On June 19, 1865 Union soldiers landed at Galveston, Texas with news that the Civil War had ended and that enslaved black Americans were now free. You should note that this liberation occurred two and a half years after President Lincoln’s Emancipation Proclamation — which had become official January 1, 1863. Today, Americans refer to Juneteenth as Freedom Day, Jubilee Day, and/or Cel-Liberation Day and it has become the oldest nationally celebrated commemoration of the ending of slavery in the United States.

hands on a dark background

As we reflect back on the last few weeks and the conversations about racism in America, I’d like to take a minute to celebrate the black community. There is still so much work to do in order to eliminate racist systems and replace them with anti-racist systems. Developing new policies and procedures, training employees on unconscious bias, nurturing leaders of color, and having continuous and mediated conversations are just a few areas I’ve identified. As we all sift through what we do next, I share with you all one of my favorite poems of encouragement by the famous writer Countee Cullen. May it encourage anyone who like myself is striving to learn what we must learn, to do what we must do so that our nation can be what we want it to be.

“Hey, Black Child” by Countee Cullen

Hey Black Child
Do you know who you are
Who you really are
Do you know you can be
What you want to be
If you try to be
What you can be

Hey Black Child
Do you know where you are going
Where you’re really going
Do you know you can learn
What you want to learn
If you try to learn
What you can learn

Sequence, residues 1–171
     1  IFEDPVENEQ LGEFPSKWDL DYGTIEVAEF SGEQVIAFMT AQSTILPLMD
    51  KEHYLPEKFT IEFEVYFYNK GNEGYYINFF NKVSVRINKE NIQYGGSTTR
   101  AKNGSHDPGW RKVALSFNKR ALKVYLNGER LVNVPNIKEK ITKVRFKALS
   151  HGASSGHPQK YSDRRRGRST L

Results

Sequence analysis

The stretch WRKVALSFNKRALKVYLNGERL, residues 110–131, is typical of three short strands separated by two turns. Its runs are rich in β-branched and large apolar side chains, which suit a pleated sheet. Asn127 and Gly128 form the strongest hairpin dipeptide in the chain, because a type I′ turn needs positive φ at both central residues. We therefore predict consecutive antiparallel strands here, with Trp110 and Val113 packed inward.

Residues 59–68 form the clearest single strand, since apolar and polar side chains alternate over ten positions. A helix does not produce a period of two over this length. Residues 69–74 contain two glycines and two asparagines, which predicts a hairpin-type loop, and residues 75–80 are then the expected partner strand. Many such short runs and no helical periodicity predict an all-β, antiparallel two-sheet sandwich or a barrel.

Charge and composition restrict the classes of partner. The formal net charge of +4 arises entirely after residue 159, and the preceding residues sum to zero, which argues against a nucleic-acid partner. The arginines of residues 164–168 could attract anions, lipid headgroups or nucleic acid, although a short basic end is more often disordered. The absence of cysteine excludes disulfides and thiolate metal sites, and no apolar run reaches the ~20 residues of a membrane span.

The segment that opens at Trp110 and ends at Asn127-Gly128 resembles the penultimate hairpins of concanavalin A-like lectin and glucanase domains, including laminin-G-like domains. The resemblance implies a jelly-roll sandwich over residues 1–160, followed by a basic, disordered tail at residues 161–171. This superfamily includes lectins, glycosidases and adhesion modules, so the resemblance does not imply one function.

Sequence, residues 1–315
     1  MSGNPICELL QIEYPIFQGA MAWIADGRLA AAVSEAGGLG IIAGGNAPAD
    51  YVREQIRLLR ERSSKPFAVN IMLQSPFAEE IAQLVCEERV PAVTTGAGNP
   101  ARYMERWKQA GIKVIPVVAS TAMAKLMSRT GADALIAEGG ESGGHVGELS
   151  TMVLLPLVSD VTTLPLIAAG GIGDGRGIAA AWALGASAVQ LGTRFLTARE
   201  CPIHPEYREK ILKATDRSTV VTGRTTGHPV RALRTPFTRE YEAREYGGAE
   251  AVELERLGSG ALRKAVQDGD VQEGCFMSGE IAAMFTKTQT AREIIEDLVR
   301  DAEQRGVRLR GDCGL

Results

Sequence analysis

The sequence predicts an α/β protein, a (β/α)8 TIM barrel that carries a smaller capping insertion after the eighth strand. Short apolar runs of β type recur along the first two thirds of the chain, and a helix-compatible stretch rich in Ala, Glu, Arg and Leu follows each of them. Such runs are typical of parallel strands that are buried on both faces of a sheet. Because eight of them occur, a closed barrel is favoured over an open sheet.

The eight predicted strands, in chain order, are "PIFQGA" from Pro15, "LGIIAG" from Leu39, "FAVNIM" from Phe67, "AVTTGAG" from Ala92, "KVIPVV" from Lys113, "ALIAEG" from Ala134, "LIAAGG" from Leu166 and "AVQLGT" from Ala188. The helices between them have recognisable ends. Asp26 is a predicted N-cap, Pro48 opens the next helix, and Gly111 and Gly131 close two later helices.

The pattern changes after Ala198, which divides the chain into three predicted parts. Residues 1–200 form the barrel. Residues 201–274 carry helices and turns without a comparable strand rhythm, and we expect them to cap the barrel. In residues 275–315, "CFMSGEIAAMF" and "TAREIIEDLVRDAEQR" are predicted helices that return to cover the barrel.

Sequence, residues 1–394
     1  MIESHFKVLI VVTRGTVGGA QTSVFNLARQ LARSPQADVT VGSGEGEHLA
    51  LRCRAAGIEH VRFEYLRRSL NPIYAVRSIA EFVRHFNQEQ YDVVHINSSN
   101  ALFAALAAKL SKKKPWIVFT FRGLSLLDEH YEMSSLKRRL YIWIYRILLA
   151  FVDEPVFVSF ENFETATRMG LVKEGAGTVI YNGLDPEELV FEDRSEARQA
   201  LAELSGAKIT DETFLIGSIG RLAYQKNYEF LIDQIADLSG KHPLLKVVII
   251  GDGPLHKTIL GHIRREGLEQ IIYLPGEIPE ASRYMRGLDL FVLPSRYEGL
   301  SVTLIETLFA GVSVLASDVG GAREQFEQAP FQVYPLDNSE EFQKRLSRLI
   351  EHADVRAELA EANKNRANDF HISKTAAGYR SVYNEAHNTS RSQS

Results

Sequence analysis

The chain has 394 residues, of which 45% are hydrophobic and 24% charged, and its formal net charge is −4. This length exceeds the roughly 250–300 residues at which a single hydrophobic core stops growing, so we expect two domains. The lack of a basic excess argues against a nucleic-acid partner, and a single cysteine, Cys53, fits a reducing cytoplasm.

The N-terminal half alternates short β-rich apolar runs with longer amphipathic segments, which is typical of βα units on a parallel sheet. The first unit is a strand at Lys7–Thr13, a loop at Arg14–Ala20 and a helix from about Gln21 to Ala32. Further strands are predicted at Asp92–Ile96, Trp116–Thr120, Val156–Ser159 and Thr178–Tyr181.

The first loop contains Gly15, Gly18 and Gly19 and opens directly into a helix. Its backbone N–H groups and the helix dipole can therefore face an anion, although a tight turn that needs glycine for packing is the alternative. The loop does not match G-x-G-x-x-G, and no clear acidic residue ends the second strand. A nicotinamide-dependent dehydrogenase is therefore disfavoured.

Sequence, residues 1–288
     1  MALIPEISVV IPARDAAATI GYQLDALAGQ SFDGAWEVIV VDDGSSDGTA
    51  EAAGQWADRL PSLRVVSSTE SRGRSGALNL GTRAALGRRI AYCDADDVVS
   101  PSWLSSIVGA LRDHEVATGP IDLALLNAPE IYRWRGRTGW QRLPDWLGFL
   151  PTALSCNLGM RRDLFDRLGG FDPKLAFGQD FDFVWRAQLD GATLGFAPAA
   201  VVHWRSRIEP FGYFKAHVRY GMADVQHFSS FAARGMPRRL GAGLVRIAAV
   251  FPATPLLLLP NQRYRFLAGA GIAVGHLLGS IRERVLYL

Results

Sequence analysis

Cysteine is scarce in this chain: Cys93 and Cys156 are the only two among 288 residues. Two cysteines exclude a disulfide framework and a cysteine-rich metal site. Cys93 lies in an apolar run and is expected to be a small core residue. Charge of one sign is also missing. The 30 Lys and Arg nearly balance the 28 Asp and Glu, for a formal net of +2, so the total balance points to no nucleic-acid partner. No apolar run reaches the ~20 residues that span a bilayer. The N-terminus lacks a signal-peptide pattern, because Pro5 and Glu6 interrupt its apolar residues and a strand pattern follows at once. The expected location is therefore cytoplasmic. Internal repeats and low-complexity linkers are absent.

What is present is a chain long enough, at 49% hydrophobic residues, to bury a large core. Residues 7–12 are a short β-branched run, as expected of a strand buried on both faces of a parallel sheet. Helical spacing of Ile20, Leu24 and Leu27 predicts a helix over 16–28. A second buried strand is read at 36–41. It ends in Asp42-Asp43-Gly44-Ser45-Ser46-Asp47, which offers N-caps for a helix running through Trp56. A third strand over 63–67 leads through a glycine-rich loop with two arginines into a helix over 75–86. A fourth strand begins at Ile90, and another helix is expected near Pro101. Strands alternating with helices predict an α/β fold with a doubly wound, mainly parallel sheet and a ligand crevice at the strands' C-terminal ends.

Hey Black Child
Do you know you are strong
I mean really strong
Do you know you can do
What you want to do
If you try to do
What you can do

Hey Black Child
Be what you can be
Learn what you must learn
Do what you can do
And tomorrow your nation
Will be what you want it to be

 

 

Discussion

7 Thoughts on "Happy Juneteenth!"

Thank you Jasmine for giving more information and meaning on this important holiday. I remember hearing “Hey, Black Child” by Countee Cullen, a few years ago on television.
https://www.youtube.com/watch?v=5n_DeHMVAkM

It was a moment that touched by heart and cut through my soul.

Thank you for your reflection Jasmine. As you and Countee Cullen’s poem advise and inspire – we need belief and strength and education to change and heal.

And thank you Jane for the link to the video of Pe’Tehn’s powerful recitation of Hey Black Child.

Hi, Can the poem”Hey Black Child”by Countee Cullen which in my view is suitable for reciting and appreciation by all black children anywhere everywhere wherever they are without infringement of the author copyright.

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